The first class of drugs that my brother was prescribed after his Stage 4 kidney cancer diagnosis came about through his entry into a clinical trial involving two immunotherapy drugs being tested against a standard chemotherapy drug. He got into the treatment arm as he had hoped. But the combo trial didn’t help control the cancerous spread much. My layman’s analysis after his death was that it messed up his pituitary gland and on top of the medications he was already taking, he had to add thyroid medication. Immunotherapy’s effects can be quite toxic, I concluded.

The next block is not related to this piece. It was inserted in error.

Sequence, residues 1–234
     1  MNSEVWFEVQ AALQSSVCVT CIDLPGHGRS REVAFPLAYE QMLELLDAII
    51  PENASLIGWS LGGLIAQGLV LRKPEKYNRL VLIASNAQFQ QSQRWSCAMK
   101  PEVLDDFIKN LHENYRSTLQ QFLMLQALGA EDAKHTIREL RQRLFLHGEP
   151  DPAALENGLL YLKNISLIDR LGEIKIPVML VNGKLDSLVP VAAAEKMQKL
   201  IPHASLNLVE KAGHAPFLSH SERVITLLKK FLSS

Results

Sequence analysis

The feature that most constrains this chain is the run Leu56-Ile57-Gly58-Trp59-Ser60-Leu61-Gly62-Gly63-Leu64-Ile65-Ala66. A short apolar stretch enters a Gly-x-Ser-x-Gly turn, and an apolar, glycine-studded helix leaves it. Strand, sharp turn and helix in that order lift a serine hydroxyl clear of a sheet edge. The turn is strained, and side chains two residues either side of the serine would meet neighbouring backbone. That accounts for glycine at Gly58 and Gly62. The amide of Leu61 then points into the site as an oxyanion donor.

Almost six years after his untimely death at 44, I was intrigued by a pitch on a study on immunotherapy involving kidney cancer patients that was published in the Lancet journal. That caught my eye and so I reached out to one of the study’s co-authors – Dr. Sumanta Pal, co-director of City of Hope’s Kidney Cancer Program and professor of its Department of Medical Oncology & Therapeutics Research. The message appears to be that even with all the positive benefits of immunotherapy and its ability to “cure” certain cancers, the potential for toxicity should nonetheless inform treatment.